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Defeating the Romneycare Challenge

Posted by on September 29, 2012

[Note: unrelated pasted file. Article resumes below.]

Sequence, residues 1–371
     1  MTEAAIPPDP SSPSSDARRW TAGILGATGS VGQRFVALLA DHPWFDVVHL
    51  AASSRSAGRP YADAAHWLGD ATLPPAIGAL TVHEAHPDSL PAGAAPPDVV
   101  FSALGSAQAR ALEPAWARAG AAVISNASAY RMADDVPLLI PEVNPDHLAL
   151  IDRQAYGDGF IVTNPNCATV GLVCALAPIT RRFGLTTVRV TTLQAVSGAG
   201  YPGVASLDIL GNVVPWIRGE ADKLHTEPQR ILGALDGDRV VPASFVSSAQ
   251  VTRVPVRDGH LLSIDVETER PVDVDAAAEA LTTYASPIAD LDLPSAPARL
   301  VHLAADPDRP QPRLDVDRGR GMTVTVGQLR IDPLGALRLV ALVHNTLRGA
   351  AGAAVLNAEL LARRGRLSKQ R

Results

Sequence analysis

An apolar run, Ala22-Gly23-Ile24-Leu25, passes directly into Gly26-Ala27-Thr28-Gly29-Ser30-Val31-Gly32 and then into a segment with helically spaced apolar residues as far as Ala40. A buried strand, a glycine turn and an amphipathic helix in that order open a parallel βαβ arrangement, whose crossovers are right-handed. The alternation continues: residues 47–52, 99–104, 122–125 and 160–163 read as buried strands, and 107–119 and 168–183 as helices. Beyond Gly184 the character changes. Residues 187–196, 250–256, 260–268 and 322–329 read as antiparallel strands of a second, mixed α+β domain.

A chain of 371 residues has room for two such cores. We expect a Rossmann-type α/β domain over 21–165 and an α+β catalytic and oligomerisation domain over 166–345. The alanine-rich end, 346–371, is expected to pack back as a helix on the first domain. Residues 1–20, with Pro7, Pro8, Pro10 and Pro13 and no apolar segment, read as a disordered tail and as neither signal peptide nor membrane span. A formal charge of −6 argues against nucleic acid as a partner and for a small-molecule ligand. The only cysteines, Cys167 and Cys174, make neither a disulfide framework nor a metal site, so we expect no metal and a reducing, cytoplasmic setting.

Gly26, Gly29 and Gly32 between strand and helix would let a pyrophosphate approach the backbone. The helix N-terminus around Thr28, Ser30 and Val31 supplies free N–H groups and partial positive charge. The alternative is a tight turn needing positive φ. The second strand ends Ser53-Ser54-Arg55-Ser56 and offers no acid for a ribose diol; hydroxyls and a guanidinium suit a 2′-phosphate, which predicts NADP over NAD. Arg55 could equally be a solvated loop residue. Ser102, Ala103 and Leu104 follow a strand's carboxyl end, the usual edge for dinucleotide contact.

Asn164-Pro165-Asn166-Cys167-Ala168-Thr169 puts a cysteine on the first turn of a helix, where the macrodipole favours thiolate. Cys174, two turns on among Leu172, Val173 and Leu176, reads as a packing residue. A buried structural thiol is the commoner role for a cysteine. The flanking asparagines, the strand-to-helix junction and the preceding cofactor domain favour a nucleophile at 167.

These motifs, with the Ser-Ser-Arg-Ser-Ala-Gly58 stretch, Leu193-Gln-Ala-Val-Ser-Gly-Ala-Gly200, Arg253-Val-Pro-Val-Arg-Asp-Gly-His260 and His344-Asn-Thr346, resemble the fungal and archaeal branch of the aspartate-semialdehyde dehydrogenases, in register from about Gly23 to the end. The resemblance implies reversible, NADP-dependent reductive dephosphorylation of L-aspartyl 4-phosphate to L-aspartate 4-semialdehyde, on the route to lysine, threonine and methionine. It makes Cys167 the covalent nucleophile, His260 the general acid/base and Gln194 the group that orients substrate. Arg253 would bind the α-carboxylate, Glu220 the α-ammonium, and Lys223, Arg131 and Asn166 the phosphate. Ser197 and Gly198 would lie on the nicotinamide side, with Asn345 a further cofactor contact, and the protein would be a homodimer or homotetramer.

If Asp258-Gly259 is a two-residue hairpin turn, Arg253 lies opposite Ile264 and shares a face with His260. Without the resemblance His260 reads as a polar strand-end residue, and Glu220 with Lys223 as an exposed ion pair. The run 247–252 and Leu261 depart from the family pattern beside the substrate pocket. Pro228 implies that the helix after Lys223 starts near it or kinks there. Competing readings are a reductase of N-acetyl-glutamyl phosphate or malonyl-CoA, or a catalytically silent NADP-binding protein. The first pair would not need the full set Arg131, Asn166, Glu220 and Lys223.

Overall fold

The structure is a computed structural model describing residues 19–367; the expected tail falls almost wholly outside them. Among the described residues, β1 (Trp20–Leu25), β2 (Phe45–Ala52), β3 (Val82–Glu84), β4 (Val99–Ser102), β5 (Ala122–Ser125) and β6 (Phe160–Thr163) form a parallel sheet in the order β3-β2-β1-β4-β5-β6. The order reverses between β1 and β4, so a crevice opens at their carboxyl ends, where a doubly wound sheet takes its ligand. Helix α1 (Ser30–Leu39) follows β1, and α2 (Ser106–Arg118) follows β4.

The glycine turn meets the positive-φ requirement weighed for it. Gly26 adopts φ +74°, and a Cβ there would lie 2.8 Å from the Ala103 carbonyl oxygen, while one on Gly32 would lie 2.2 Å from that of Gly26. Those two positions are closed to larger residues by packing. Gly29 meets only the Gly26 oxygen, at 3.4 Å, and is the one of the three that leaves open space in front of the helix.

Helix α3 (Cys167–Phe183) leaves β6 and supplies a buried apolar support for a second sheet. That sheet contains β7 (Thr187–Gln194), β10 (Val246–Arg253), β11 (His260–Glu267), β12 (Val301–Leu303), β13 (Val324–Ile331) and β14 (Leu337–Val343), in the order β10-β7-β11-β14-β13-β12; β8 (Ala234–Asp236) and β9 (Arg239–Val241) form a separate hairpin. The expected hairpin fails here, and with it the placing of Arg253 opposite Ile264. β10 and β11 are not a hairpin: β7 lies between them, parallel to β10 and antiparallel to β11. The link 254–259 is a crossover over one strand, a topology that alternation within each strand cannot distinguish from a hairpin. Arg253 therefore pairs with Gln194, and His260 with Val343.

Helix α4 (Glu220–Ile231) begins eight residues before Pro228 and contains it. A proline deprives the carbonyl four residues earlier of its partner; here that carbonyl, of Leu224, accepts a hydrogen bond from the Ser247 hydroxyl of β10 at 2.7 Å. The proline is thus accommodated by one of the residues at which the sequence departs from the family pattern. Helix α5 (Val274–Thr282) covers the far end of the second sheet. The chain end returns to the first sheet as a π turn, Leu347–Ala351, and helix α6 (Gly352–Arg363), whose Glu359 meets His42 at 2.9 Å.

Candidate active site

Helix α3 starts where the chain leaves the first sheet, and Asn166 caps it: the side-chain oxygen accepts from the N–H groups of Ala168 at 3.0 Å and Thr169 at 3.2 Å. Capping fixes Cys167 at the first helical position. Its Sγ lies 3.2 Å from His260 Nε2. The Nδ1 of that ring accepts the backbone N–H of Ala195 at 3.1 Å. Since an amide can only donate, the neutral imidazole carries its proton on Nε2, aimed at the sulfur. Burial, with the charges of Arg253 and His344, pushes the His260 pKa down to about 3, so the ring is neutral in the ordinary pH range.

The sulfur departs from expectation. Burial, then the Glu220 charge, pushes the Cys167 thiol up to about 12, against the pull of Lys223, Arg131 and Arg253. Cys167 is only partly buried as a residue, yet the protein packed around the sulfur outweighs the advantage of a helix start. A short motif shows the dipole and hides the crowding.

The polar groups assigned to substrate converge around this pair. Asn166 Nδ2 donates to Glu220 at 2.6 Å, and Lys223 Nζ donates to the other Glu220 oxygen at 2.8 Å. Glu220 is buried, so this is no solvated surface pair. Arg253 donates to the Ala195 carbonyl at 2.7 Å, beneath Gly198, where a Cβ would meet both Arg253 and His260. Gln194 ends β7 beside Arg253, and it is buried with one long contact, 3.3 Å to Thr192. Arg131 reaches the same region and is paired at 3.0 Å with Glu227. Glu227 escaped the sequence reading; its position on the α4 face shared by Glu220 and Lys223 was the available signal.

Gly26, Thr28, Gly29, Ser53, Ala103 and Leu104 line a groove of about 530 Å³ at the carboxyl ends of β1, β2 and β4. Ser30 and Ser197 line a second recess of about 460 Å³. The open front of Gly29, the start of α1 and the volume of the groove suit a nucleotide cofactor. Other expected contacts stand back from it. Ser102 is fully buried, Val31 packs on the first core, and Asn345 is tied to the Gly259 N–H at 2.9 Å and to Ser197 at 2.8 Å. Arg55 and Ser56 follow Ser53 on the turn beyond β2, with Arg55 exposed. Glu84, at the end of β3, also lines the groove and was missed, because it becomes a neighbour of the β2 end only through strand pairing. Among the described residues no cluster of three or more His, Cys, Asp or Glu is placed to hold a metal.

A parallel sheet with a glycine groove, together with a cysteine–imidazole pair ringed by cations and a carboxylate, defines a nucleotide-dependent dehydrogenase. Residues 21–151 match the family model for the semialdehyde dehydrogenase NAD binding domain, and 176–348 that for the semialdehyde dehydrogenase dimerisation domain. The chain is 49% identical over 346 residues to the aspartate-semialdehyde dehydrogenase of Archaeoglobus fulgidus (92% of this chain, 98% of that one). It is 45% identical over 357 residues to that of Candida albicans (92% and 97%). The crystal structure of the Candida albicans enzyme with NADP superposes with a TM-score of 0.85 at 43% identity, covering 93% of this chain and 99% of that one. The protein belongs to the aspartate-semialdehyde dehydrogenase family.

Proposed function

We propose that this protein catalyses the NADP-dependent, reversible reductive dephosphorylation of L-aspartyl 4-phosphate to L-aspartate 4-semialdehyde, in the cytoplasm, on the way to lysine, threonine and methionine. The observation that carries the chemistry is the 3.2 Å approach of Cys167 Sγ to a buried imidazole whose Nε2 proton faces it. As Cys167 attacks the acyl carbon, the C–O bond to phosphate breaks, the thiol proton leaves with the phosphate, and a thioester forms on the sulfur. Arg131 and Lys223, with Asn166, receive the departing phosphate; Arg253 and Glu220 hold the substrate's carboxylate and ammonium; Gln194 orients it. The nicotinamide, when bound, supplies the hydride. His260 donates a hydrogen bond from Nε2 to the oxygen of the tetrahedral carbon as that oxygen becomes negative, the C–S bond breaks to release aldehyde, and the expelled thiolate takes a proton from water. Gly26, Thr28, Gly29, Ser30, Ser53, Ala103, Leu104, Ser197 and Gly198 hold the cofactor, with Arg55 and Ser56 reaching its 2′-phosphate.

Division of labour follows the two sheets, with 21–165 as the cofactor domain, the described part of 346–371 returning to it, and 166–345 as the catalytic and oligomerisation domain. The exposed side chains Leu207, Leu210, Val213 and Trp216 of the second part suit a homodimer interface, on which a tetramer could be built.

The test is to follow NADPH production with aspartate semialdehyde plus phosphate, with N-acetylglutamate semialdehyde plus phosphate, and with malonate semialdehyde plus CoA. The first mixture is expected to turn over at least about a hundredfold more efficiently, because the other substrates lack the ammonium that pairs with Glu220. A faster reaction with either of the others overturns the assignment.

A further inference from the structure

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Last week I suggested how Romney can successfully navigate the abortion issue should it arise in the upcoming debates so that it not only makes him come across as reasonable on the issue, but at the same time paints Obama as the true extremist.   Today I would like to suggest how he could also handle any questions concerning Romneycare as well so that he sounds practical while also making Obama look foolish on the subject at the same time. At some point either the moderator or Obama is certain to challenge Romney on how he could possibly be so against Obamacare when it was Romney himself who invented the very program that it was supposedly modeled after.  I’m sure Obama thinks he can win the argument simply by saying that if he created a foolish disaster than Romney is no smarter than he is for having created the exact same disaster.  However, there is one extremely profound difference between the two programs that sets them completely apart.  And it’s a sin that Obama should have known better than anyone else not to commit. The question for both of these programs isn’t whether or not either was an intelligent thing to do.  In truth they are both disasters.  The real question is whether or not either of them was even a legal thing to do.  In the case of Romneycare it was legal.  In the case of Obamacare it wasn’t.  As a supposed Constitutional lawyer, Obama of all people should already know the reason why.  Keep in mind that what has been debated in the Supreme Court so far hasn’t been a challenge to the Constitutionality of Obamcare in general, but only to those sections concerning mandates. Article 1, section 8 of the U.S. Constitution lays out the 17 enumerated powers granted to a centralized federal government.  These 17 items represent those things that our federal government “must do”.  The 10th Amendment then further states that anything not specifically listed within those 17 items falls outside of federal jurisdiction and instead becomes a state issue.  The “general welfare” clause doesn’t refer to individual entitlements.  It refers to those things that are meant to benefit the citizenry as a whole (i.e. protection from invasion, standard currency, standardized rules of both interstate as well as foreign commerce, etc). There is no mention whatsoever of healthcare or any of the many other programs that have been taken over nationally such as education, welfare, Social Security, etc. either.  Like it or not, our founders put a heavy emphasis on personal freedom and personal responsibility over centralized control.  Therefore, none of these items should have ever been addressed at the national level to begin with. There are 3 reasons why our founders setup our government to function in such a manner.  The first reason is that they wanted to expressly limit the power and scope of a federal government in order to protect our nation from potential tyrants.  The idea was that if a tyrant did attempt to take over our government they would simply lack enough authority to ever get very far.  The second reason is that by moving most issues off to the state government it provided recourse for citizens.  The first recourse is through a statewide referendum.  We saw a perfect example of this last year here in Ohio with Issue 2.  The state passed a bill that the people didn’t like so the people defeated the bill through a public referendum.  At the state level the will of the people outweighs the will of the legislature. The second recourse would be to simply pack up and move to a different state that has laws more to your suiting without having to sacrifice your citizenship as a whole.  For example, people who don’t like the heavy taxes in New York are currently moving to income tax free states like Florida and Tennessee in droves based on this premise. The third reason, which is the one that Romney should refer to, is that our founders set things up the way they did to allow for legislative experimentation.  Not every bill is perfect.  Furthermore, with such a vast and diverse nation not every bill should be a one size fits all solution either.  By having new bills “tested” at the state level, failures don’t create an automatic adverse affect on the nation as a whole.  However, if a bill does prove successful then it can easily be adopted by all the other states if it fills a need for them as well.  Basically, if Romneycare is a failure it only affects Massachusetts and can be easily repealed by the citizens of that state.  If Obamacare is a failure it dooms us all.  This third reason is exactly what Romney should be pointing out in the debate.  He should also be pointing out that Obama, being the Constitutional lawyer he claims to be, should have not only fully understood the potential Constitutional challenges that would arise from Obamacare, but should have also understood the reasoning behind why our founders did what they did.  When challenged, Romney shouldn’t fall into the trap of attempting to defend Romneycare.  He should instead force Obama to defend his own Constitutional ignorance.
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